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VIAR 121 Early Middle Ages Notes Part 2

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by: Amanda Kelehan

VIAR 121 Early Middle Ages Notes Part 2 VIAR 121

Marketplace > University of Louisiana at Lafayette > Art > VIAR 121 > VIAR 121 Early Middle Ages Notes Part 2
Amanda Kelehan
University of Louisiana at Lafayette
GPA 3.607

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Part 2
Art History Survey 1
Rebecca Kreisler
Class Notes
VIARS121 EarlyMiddleAges
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This 3 page Class Notes was uploaded by Amanda Kelehan on Thursday April 14, 2016. The Class Notes belongs to VIAR 121 at University of Louisiana at Lafayette taught by Rebecca Kreisler in Spring 2016. Since its upload, it has received 9 views. For similar materials see Art History Survey 1 in Art at University of Louisiana at Lafayette.

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Date Created: 04/14/16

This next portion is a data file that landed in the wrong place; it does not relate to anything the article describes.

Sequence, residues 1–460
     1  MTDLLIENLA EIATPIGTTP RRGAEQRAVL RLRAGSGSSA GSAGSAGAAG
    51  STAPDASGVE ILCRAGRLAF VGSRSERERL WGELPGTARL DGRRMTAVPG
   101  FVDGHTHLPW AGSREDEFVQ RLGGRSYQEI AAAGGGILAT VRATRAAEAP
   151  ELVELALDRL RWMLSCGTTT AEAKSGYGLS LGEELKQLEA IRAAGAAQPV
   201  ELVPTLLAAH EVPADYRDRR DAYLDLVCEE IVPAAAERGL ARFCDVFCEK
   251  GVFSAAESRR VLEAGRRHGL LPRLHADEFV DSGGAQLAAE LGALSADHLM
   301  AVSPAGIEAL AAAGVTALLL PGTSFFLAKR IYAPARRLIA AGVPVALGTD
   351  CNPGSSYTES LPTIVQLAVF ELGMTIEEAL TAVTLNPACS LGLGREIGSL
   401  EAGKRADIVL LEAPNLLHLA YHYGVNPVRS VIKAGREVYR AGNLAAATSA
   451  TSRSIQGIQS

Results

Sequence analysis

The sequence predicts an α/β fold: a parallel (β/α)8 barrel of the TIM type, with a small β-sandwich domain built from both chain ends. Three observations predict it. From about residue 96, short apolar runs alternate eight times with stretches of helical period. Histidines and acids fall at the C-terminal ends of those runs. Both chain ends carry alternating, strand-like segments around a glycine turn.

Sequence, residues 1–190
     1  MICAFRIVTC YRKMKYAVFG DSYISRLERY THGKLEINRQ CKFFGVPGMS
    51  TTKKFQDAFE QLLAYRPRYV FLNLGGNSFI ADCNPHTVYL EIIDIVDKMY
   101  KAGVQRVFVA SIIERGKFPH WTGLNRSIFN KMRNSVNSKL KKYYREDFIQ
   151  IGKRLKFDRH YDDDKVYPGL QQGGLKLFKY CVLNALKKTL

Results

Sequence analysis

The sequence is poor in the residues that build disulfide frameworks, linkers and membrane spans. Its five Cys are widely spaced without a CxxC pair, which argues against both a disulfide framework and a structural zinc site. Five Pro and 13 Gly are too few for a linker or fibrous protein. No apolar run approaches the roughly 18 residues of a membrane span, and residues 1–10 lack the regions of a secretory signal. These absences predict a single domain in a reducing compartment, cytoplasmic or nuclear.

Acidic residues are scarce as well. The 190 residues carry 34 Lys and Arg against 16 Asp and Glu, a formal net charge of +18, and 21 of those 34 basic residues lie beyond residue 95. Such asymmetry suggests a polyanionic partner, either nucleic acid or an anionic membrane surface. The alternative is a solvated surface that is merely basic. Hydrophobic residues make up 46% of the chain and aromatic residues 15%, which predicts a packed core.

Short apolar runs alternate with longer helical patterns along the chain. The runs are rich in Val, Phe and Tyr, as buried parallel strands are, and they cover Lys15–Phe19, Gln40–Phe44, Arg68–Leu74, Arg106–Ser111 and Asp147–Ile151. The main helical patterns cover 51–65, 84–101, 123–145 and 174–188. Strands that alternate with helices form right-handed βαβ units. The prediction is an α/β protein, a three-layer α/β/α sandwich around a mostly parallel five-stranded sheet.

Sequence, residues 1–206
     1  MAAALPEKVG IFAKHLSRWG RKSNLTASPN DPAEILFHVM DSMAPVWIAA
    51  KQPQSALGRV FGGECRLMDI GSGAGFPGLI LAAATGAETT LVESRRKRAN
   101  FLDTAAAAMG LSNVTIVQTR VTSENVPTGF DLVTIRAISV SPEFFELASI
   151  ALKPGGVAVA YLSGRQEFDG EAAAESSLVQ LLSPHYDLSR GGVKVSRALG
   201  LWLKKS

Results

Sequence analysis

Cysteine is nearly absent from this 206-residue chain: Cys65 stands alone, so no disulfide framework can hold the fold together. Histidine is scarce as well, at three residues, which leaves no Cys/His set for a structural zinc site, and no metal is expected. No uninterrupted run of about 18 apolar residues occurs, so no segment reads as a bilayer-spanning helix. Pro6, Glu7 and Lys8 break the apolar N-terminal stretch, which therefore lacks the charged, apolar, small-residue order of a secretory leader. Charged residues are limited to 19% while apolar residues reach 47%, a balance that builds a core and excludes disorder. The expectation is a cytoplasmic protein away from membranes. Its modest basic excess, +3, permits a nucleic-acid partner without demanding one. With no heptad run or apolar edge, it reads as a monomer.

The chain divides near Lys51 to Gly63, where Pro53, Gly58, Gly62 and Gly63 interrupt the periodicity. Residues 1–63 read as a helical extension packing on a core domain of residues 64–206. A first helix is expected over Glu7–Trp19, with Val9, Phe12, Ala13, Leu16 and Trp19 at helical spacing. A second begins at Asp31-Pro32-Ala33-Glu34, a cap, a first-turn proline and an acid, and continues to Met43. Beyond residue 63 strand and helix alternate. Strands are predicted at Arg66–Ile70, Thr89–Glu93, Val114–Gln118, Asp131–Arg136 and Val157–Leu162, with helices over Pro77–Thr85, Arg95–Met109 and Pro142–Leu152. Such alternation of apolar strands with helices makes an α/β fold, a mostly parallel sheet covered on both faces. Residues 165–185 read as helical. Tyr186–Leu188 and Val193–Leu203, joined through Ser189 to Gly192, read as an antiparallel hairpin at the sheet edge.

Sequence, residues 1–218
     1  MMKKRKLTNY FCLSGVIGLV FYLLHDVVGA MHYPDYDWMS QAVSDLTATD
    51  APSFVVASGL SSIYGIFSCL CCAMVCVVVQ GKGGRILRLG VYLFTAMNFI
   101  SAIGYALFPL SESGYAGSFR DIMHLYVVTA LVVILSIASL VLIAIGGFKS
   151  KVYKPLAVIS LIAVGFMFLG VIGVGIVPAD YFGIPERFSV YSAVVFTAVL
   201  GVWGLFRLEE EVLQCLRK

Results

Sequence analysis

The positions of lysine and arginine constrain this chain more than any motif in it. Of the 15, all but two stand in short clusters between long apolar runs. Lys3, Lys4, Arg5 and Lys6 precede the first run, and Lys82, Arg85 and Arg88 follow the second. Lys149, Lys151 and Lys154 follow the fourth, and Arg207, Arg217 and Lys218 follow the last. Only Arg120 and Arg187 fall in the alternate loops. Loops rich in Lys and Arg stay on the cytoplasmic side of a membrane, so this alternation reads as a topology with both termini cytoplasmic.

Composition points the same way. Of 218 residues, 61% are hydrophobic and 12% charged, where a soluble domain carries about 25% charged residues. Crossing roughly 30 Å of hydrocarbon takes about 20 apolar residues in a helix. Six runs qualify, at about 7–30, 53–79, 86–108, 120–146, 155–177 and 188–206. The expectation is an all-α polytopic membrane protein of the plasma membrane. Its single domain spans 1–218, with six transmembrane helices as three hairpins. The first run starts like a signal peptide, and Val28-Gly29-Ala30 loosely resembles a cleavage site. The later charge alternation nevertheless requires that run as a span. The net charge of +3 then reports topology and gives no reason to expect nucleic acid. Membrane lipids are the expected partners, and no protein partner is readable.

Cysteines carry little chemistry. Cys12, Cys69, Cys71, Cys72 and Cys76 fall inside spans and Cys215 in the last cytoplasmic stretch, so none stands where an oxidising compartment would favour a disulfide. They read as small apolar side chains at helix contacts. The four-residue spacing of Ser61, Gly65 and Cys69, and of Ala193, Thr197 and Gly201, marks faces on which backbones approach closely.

VIAR 121 Early Middle Ages The Viking Era c. 800-1000  Vikings were Scandinavian warriors who inhabited Norway, Sweden, and Denmark and were known throughout Europe for their paganism and destructive raids  Icelandic sagas recorded oral traditions of Scandinavia and present a valuable account of the pre-Christian culture, the Norse Gods, and Viking society  Around 800, the Scandinavians developed sailing ships propelled by oars, which made extensive travel possible; this leads to traces of Islamic, Byzantine, and Near Eastern/Scythian influence on Viking art  Animal headpost, Oseberg, Norway, 800–850 o Headpost from a Norwegian ship burial o Compact form with a monumental quality and elegant stylization o Function is unknown, but likely served some role as a guardian  Axe, from Mammen, Jutland, Denmark, Late Viking, c. 950–975 o Silver and gold inlay indicate high status of owner o Geometric design with natural elements such as foliage and a bird  The Rök stone, Östergötland, Sweden, early 9th century o A more specifically Scandinavian development are rune stones (featuring written inscriptions) and picture stones (featuring images) o Inscriptions include memorials/records of voyages, battles and daily activities o The Rök stone features the 1st known runic inscription of an oral narrative in Scandinavia; a memorial dedicated by a Viking chieftain to his dead son  Warrior Entering Valhalla, Tjangvide, Gotland, Sweden, 8th–9th century o Runic picture stone created as a memorial stone for a Viking warrior o At the top, a warrior rides Odin’s eight-legged horse into Valhalla; above are 2 more warriors, one falling and one dead, denoting battle o A Valkyrie welcomes the warrior into Valhalla by extending a drinking horn  Harald Bluetooth’s rune stone, Jelling, Denmark, c. 965 o In 964, the Danish King Harald Bluetooth converted Denmark to Christianity o This rune stone was raised to commemorate the conversion o Merges Christian imagery with pagan design Carolingian Period  On December 25, 800, the pope crowned Charlemagne (Charles the Great, king of the Franks) Roman Emperor at Saint Peter’s in Rome  “Carolingian” comes from “Carolus,” Latin for Charles  Rule over most of mainland western Europe  Charlemagne created a brief cultural revival of aspects of Ancient Rome, expansion of learning through monasteries, strong revival of Latin language, political organization, unified code of laws, libraries, etc.  Plan of Charlemagne’s palace chapel, Aachen o Palace chapel was a private place of worship for Charlemagne and his imperial court o Similarities to centrally planned Byzantine buildings (octagonal core, 16 outer sides)  Odo of Metz, Charlemagne’s palace chapel, Aachen, 792–805 o Ambulatory surrounds lower level, with a 2nd level gallery and a 3rd level clerestory o Early Byzantine-like plan, but with Classic Roman features (like Corinthian columns and symmetry  Court school of Charlemagne, Christ Blessing (Christ in Majesty), from the Godescalc Gospels, 781–783 o Anglo-Saxon influence in interlace borders o Strong Byzantine influence in main image:  Frontal pose, flat halo with a cross, outlined drapery and facial features, angled feet  Flattened space despite hints at naturalism (oblique throne, shading in neck)  Saint John, from the Coronation Gospels, late 8th century o Greater sense of naturalism seen in background landscape with an architectural niche o Figure seems more grounded and 3-D, with feet planted  Four Evangelists, from a Carolingian Gospel book, palace chapel school, Aachen, early 9th century o Images of the 4 evangelists and their symbols (as described in The Book of Revelation):  John—eagle  Mark—lion  Luke—bull  Matthew—man o Use of desks and stools is an attempt at 3D space o Drapery is flowing and naturalistic, showing more Roman/Classical influence  Christ in Majesty, Vivian Bible frontispiece, c. 845–846 o Roman influence dissipated after Charlemagne’s death o Figures connected by geometric designs rather than a continuous landscape Ottonian Period  Charlemagne’s grandsons were ineffective rulers, and at the end of the 9th century Europe fell pray to invaders (Vikings took over Normandy, Saxons resumed control of Germany)  The Saxon emperor Otto I the Great was crowned by the pope in 962; the Holy Roman Empire under the Ottonian dynasty consisted only of Germany and northern Italy  Artistic influence from Anglo-Saxon, Byzantine, and Roman sources, depending on the individual art workshop  Restored abbey church of Saint Michael’s, Hildesheim, c. 1001–1031 o Commissioned by Bernward, bishop of Hildesheim, the tutor of Otto III o Imposing, massive quality o Architectural variety (cylindrical towers, cubic forms, sloped roofs, round arches) while maintaining symmetry  Section and plan of Saint Michael’s, Hildesheim o Entrances located at the side aisles, which is unusual o Combined influenced from both Roman and Early Christian basilicas  Restored interior of Saint Michael’s, looking west, Hildesheim o Relatively simple interior with a flat roof o Tall nave walls with clerestory windows that illuminate the space o Lower level composed of an unusual arcade of single piers alternating with pairs of columns  Bronze doors, Saint Michael’s, Hildesheim, completed 1015 o Inspired by wooden doors at Santa Sabina that Bernward saw while traveling in Rome o Emphasis on typology—Old Testament scenes on the left are paired with New Testament scenes on the right  Temptation and Crucifixion from the bronze doors of Saint Michael’s, Hildesheim o Composition, subject matter, and iconography from left to right are closely related: cruciform tree/wooden cross; original sin/salvation, etc. o Based on examples from earlier Roman monuments, but livelier, more expressive and less constrained  Saint Luke, from the Gospel book of Otto III, c. 1000 o Byzantine influence: gold background, black outlines o St. Luke suspended in space in a green mandorla o Symbolic rather than rational relationships between compositional elements